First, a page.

This may not be the first time you’ve roomed with another person, but a new roommate can still add stress to an already challenging collegiate experience. Whether you had a positive experience in the past with a roommate or one that did not quite work out, the following tips may help in this new situation.
Make your roommate relationship a win-win situation.
- Take time to get to know one another. Share information and ask questions, but remember to be respectful. You are going to live together; you do not have to be best friends.
- Although you may have known your roommate before you roomed together, remember this presents an entirely different situation. Living together is not the same thing as hanging out with one another.
- Communication is key to roommate success. Be direct about an issue, don’t assume your roommate knows what is bothering you, and avoid complaining to others about the situation. Speak to each other; don’t communicate by notes, texts, or emails.
- Complete a Roommate Agreement during the first two weeks you room together. Remember you both have equal rights in the room and you each must be clear about what you need.
- Listen and keep an open mind. Each student should have an opportunity to share what is on their mind.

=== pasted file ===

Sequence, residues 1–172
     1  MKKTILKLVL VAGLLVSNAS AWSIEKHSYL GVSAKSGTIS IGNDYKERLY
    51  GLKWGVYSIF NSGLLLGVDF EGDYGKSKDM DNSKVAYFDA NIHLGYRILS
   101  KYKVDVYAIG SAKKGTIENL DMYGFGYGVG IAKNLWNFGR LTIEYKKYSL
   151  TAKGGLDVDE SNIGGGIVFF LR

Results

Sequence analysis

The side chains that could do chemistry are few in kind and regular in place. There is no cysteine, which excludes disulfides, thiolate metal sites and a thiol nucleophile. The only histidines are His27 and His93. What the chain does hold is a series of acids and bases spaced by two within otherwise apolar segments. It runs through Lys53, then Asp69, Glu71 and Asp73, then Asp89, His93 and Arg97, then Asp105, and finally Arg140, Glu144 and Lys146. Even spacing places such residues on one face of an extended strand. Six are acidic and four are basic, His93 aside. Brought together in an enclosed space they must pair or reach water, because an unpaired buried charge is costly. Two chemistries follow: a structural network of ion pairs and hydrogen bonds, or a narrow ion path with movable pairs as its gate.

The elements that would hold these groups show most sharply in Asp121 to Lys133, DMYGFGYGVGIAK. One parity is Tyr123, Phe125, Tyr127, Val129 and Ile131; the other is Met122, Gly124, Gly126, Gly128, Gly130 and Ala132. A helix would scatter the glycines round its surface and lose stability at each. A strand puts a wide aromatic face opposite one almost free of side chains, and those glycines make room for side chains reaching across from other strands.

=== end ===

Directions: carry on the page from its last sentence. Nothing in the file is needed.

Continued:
- Be upfront. It’s easier to discuss something right away rather than later on in the roommate relationship.
- Be prepared to compromise. Know what you are willing to negotiate and what you will not.
- Handle the situation yourself. Most difficulties can be resolved at this level and are good preparation for similar circumstances in the future. If you cannot work things out between the two of you, seek assistance from your RA or AC after reviewing our Room Change Process Policy.
If you treat your roommate as you would like to be treated, you will most likely have a positive roommate experience. Remember that communicating, compromising, and setting clear expectations will help build a long-lasting win-win situation with your roommate.